When to use it?

It is recommended in the second half of the process, when the group has already built some intimacy and people are willing to open themselves. 

This is an exercise that asks for a certain readiness to show yourself, to share affective experiences, and to be affected by the other.

It can be a good fit to end a day with.

How to do it?

This practice is about elaborating on an experience and sharing it. The experience can be connected to a previous practice (see suggestions below) or to an event lived outside the “workshop space” in your personal life.

To begin with, the participants are asked to write and describe the experience they had (or one important moment of it) focusing on what they did, felt, thought, imagined and what body sensations they had. 

It might be useful for them to emphasize those different aspects of experience so that they can provide a more detailed description of it. 

Invite participants to write in the “I” perspective, as well as in the present tense: “I feel this, then I imagine that, and I do this…”. 

Doing that, the participants are evoking the experience, feeling and sensing it once again – although differently – while they write and describe it.

After writing, the participants come to sit together in a circle with their texts. 

In no defined sequence, they can read the text or parts of it to the group. 

After the reading, the listeners can “echo” (repeat) words and phrases that have touched them in some way and thus reflect those words back to the one sharing the experience.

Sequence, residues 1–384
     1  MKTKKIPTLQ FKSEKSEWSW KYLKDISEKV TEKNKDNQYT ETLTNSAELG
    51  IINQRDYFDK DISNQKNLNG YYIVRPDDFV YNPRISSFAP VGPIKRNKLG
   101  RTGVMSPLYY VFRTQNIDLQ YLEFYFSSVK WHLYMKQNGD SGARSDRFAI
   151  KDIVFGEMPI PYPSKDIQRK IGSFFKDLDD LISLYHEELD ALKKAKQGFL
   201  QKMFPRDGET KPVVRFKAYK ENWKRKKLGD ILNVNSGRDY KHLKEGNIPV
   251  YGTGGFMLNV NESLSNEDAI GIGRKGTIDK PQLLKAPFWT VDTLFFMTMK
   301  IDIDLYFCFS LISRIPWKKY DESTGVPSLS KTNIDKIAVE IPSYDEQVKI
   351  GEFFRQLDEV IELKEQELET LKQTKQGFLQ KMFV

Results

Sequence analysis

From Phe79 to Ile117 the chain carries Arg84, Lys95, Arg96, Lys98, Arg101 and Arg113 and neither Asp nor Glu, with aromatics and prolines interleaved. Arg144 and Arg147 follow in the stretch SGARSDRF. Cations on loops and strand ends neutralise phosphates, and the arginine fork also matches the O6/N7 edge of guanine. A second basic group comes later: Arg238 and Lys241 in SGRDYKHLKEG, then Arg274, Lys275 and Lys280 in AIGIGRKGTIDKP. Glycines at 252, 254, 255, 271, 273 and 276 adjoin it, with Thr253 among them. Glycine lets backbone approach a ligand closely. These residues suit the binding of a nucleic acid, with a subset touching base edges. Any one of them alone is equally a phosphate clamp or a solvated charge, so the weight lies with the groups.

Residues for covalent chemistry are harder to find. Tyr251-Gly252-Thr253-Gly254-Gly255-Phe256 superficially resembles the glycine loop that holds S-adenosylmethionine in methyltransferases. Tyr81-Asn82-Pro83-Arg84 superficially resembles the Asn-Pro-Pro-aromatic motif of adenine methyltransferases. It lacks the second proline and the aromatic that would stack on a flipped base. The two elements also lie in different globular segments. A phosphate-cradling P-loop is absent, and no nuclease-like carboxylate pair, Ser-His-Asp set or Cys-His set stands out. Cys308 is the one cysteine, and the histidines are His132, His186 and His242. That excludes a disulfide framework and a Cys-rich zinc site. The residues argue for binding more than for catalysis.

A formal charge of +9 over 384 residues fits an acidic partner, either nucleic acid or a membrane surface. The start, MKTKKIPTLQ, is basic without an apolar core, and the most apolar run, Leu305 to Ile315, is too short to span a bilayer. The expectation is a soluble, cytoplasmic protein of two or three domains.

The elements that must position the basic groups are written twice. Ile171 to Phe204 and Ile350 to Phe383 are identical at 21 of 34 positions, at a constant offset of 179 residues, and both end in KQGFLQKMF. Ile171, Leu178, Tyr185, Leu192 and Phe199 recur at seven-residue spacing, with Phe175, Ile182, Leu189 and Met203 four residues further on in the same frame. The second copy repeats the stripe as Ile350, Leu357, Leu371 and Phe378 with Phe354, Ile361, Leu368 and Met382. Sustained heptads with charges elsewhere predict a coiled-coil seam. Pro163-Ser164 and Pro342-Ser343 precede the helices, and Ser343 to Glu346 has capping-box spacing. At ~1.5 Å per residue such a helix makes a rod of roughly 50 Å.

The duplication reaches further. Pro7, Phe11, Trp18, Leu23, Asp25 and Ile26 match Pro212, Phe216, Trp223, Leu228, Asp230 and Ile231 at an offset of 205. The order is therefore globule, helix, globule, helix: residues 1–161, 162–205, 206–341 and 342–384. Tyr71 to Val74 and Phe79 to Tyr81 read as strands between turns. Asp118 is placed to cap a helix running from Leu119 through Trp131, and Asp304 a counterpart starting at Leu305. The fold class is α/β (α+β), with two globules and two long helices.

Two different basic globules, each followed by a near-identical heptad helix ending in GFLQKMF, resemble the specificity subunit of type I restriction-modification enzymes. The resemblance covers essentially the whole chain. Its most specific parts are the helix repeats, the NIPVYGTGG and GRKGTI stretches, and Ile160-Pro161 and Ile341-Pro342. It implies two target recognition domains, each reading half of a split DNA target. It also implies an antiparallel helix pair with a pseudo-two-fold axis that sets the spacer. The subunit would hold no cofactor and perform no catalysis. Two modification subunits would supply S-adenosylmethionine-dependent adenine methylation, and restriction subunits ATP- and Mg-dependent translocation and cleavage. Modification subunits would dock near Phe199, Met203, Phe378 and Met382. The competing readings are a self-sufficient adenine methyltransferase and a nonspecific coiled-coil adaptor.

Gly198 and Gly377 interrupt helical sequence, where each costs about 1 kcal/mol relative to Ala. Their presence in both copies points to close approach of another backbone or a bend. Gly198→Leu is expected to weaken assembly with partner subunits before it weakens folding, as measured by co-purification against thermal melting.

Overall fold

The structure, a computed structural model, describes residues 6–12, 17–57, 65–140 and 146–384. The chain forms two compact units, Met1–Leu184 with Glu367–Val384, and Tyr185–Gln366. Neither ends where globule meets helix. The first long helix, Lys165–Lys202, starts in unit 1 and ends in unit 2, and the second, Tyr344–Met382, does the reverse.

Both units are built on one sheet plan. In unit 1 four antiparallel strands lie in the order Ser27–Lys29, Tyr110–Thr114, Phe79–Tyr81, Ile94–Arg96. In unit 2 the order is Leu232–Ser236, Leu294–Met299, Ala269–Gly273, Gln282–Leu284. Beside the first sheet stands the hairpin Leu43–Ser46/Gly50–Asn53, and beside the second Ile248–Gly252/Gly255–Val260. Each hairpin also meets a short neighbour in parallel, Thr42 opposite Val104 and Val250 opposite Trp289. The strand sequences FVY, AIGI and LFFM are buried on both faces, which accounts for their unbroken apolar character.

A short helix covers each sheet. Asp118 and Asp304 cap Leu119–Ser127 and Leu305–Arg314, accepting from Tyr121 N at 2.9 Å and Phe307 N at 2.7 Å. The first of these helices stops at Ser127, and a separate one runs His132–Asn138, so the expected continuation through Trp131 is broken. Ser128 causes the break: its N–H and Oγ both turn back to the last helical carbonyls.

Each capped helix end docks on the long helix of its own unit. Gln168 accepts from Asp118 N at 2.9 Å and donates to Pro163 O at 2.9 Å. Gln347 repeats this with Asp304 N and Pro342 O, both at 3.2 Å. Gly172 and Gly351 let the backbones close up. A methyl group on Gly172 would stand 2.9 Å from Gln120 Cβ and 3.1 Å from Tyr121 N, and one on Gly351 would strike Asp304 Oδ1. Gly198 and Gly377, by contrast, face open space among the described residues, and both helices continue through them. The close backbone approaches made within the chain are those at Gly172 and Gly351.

The echoing is more than a mere repeating. When you are offering those words back, communicate how the words touched you in the way you speak them. Make your speech an offering gesture. Someone shared something of themself with you, and you are offering back something of yourself while echoing those words.

The person that has shared the experience can do a gesture to indicate the echoing to stop. In the original practice (see sources below) the gesture is to place the palm of your open hand on the ground).

Combine with

“Yes / No” positionings

Follow the affect

Listening shapes speech


This practice comes from Soraya Jorge’s “Authentic Movement” courses, in which I have taken part since 2018. “Authentic Movement was developed by Mary Stark Whitehouse and later by Janet Adler. It consists of participants moving with eyes closed, while other participants witness those movements. In Soraya’s workshops, the descriptive writing on the experience and the verbal sharing of it in the group are central to bringing complex and deep experiences into words and producing an embodied speech. The echoing exercise presented here is inevitably de-contextualized of the “Authentic Movement practice, consequently, relevant aspects of it are changed.